To the extent that U.S. investment advisors are willing to forgo favorable capital gains treatment, they may be able to defer recognition of incentive compensation fees in respect of foreign capital under management. However, the arrangement must comply with the complex rules of Code Section 409A, and take into account potential changes to those rules.


The basic tax structure for most private equity and hedge funds is the same although there are many variations. The assets of the fund are held in an investment vehicle that is classified as a partnership for U.S. income tax purposes. The investment vehicle is typically formed under the laws of a foreign tax haven jurisdiction and it checks the box to attain U.S. partnership classification. Generally speaking, two streams of investment capital flow into the investment vehicle – from investors that are ultimately fully taxable in the U.S. (“taxable investors”) and from investors that are exempt from U.S. income tax (“tax-exempt investors”). The latter group includes foreign persons that are not subject to U.S. tax jurisdiction and U.S. entities exempt from income tax under Code Section 501. For U.S. income tax purposes, the taxable investors are direct or indirect partners in the investment vehicle, meaning that any income they recognize retains the character as determined at the investment vehicle level (e.g., if the investment vehicle earns long-term capital gain, the taxable investors’ share is taxable to them as capital gain). Tax-exempt investors may have the opposite goal – they do not want partnership income that retains its character and carries with it dreaded U.S. tax reporting requirements. Thus the tax exempt investors will hold their interest through a foreign entity that is classified as a corporation for U.S. income tax purposes. This foreign corporation is called a “blocker” because it blocks the income (and concomitant reporting obligations) from passing through to the investor.

The “2 and 20” Formula

The most familiar formula for compensating the investment manager in private equity and hedge funds has two components. The first is an annual cash payment equal to two percent of the value of the fund assets under management. It is intended to compensate the manager for operating costs, and typically does not generate significant taxable income because the fee income is generally fully offset by ordinary deductions.

The second component is 20 percent of the aggregate net gain realized by the fund (the “carried interest”), often after some preferred return to the investors. The investment manager is usually required to refund amounts distributed pursuant to the carried interest if, for example, gains on an early investment are offset by smaller gains (or even losses) on a later investment (called “claw-back provisions”). The carried interest generally applies on an investor-by-investor basis, and the structure of the carried interest can vary depending on whether the investors are taxable or tax-exempt investors as well as on the nature of the fund’s investment activities. For taxable investors, the carried interest is usually structured as a partnership interest in the fund because there is no effective way to earn a tax-free return on a deferred carried interest attributable to taxable investors.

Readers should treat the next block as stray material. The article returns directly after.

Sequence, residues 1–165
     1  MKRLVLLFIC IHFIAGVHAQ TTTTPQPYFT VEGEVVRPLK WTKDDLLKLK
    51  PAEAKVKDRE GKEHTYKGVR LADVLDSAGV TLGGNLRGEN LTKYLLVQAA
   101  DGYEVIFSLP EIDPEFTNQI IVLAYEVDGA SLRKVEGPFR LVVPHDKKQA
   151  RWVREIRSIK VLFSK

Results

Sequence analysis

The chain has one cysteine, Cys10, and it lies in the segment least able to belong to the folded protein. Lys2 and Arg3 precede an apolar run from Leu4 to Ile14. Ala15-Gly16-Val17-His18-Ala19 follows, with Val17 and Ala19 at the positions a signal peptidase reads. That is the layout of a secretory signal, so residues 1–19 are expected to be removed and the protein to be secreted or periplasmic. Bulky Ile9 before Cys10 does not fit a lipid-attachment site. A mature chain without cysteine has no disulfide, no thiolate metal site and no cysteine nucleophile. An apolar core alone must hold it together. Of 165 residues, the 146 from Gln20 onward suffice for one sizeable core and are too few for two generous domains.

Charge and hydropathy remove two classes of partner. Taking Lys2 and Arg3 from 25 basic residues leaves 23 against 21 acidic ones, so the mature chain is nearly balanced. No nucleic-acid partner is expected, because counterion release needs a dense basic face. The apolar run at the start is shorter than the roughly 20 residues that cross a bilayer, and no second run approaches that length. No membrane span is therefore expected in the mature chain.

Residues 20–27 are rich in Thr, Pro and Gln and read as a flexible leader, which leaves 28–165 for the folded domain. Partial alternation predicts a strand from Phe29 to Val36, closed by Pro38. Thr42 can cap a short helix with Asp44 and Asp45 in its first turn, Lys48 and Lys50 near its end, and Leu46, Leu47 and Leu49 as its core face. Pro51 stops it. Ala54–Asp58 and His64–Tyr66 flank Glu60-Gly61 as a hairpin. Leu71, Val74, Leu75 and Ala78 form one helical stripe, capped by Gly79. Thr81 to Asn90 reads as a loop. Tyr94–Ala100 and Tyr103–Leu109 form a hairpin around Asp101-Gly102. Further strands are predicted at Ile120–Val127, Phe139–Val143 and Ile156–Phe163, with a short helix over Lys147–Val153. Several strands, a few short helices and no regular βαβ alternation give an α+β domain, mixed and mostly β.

For the carried interest associated with tax-exempt investors investing in the fund through a foreign corporation, the investment manager can defer all or part of the carried interest and attain a tax-free investment return on the carried interest, subject to two conditions. The first condition is that any deferred carried interest will be taxed as ordinary income. Thus, the advisor must first determine whether the benefit of deferral outweighs immediate tax at lower capital gains rates. For this reason, this deferred carried interest structure is more often adopted by hedge funds, which typically generate ordinary income anyway, as opposed to private equity funds, which generate large amounts of capital gains Under the typical deferral strategy, a carried interest that is “earned” by the investment advisor will be payable at the end of the deferral period along with a “notional” investment return calculated over the deferral period. The investment return is measured as if the carried interest were invested in the fund. Deferral of U.S. tax is achieved on this notional investment return because the return is allocated to a foreign corporation that is not subject to U.S. income tax. The second condition is that the deferral arrangement must comply with Code Section 409A.